BERGDIS ELLERTSDOTTIR (Iceland), speaking on behalf of the Nordic countries, said that, given the multifaceted challenges faced today, the Security Council must become more transparent, effective, accountable and representative. Encouraged by progress on United Nations reform in this context, she expressed support for a balanced expansion of the Council with the aim of better reflecting current global political and economic realities and ensuring increased representation of developing counties, including permanent and non‑permanent seats for Africa. It is also important to enable small States to participate in the Council’s decision‑making process as elected members, she said. Calling for the commencement of text‑based negotiations to address Council reform, she said it will be the best way to harness the progress achieved so far in the intergovernmental negotiations process and to move the process forward.
KIM SONG (Democratic People’s Republic of Korea) said Council reform is at the heart of broader United Nations reform efforts. The Council must work to secure international peace and security and build peace. “However, nowadays, the principles of sovereignty, equality and non‑interference are openly disregarded by the Council,” he said, warning that the organ is rife with unilateralism and has effectively become the “Insecurity Council”. Reform of the Council must be grounded on the principles of international justice, impartiality and democracy and must ensure full representation of members of the Non‑Aligned Movement. After a decade of intergovernmental negotiations on the matter, severe divergence remains over expanding the number of permanent seats. As a result, the best avenue for success is to pursue an increase in non‑permanent seats. Pyongyang “strongly opposes” Japan’s pursuit of a permanent seat, as that country has committed war crimes.
TEGAN BRINK (Australia) said the international rules and institutions that support security and promote collective responses to global challenges are under strain. Sitting at the apex of the peace and security pillar of the United Nations, the Security Council must be as effective as possible. Nevertheless, substantive reform of the organ is well overdue. To reflect contemporary geopolitical realities, her Government supports greater representation from Asia, Africa and Latin America. Australia is also in favour of veto restraint in situations of mass atrocity, as well as improvements to the Council’s working methods. While she does not underestimate the complexity of the task, Member States deal with complex tasks every day. In that vein, her delegation is committed to efforts towards Council reform to make the organ more legitimate and effective.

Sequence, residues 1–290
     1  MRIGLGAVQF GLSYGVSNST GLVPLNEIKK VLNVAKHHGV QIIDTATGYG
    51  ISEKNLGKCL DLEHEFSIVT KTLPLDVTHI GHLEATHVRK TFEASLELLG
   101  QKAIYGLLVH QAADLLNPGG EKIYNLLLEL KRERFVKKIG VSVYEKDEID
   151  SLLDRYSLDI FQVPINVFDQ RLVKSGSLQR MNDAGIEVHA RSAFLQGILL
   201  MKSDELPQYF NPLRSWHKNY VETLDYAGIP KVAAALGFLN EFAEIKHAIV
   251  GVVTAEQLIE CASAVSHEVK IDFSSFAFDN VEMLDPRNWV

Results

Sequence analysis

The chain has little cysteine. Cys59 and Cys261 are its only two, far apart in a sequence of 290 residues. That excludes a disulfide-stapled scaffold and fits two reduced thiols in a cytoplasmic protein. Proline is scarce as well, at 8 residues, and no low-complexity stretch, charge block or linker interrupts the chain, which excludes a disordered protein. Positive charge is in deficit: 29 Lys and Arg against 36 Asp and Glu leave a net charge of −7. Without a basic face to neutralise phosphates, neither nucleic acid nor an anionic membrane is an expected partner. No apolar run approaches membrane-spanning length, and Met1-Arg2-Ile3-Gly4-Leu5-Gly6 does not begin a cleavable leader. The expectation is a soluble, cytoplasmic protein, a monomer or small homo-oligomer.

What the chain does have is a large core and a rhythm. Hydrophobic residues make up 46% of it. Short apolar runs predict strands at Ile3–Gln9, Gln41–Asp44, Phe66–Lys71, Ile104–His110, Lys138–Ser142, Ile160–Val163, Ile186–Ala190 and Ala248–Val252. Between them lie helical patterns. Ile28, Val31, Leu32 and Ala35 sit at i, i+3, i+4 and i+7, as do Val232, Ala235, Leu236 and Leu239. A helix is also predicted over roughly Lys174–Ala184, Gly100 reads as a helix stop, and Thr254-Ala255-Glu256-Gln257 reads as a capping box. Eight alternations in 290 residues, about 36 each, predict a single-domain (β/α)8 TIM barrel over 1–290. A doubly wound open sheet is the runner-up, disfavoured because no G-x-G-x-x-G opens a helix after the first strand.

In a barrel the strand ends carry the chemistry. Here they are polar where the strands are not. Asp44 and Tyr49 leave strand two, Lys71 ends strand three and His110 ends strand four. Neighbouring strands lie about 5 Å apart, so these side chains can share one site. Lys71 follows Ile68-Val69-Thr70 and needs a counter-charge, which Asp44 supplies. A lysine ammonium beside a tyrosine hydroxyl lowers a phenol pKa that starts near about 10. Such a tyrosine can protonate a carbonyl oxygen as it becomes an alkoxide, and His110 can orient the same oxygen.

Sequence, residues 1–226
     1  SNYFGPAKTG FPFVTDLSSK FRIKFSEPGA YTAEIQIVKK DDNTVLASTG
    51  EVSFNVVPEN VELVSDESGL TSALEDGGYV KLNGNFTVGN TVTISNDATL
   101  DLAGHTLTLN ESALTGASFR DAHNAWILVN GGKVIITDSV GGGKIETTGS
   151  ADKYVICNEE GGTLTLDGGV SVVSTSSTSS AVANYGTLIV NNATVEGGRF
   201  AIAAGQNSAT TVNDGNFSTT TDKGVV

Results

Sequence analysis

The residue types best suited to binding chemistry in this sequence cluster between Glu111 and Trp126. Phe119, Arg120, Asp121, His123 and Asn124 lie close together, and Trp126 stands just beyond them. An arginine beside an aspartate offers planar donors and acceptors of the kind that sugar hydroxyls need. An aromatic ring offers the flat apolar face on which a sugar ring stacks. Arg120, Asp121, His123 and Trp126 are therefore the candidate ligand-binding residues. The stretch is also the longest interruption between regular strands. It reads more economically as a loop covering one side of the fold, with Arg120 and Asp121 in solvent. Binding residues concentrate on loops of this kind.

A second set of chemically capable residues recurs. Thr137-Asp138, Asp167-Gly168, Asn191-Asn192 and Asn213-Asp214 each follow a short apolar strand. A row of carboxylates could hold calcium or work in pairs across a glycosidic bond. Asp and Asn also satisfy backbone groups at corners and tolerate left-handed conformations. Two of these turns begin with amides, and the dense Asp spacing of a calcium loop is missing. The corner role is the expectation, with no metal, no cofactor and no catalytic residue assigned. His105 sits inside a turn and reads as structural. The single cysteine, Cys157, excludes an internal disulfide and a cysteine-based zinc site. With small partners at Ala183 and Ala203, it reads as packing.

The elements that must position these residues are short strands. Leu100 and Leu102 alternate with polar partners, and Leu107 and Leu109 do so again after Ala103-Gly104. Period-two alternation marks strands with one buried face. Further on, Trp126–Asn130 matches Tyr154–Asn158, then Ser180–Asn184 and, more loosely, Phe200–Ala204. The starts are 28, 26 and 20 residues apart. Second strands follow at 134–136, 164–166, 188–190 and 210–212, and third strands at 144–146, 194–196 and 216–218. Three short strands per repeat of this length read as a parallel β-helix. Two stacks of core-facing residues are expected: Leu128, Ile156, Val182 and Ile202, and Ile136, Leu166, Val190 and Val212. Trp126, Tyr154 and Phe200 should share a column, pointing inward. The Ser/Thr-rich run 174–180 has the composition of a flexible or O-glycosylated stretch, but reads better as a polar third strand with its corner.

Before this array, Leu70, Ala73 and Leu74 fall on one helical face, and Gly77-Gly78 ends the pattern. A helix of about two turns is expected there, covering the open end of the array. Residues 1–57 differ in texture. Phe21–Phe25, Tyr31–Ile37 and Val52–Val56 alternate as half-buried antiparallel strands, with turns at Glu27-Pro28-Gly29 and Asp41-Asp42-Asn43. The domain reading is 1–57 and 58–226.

ELMAHDI S. ELMAJERBI (Libya), associating himself with the African Group and the Arab Group, said negotiations must provide unprecedented reform to the Council’s work. The Charter of the United Nations aims to prevent crisis and war, he said, noting that those aspirations require all States to work together in good faith. He said new realities require a reconsideration of the Council — the organ tasked with maintaining international peace and security. Reform must be holistic and ensure equitable representation. He said a “historic wrong” is being done to Africa as it is underrepresented in an organ whose work consistently pertains to the continent. Libya hails the position to resume negotiations at the intergovernmental level, he said, urging increased efforts to reach a common understanding. He said the Council’s work is undemocratic and its permanent members prevent non‑permanent members from positively contributing to the organ’s work.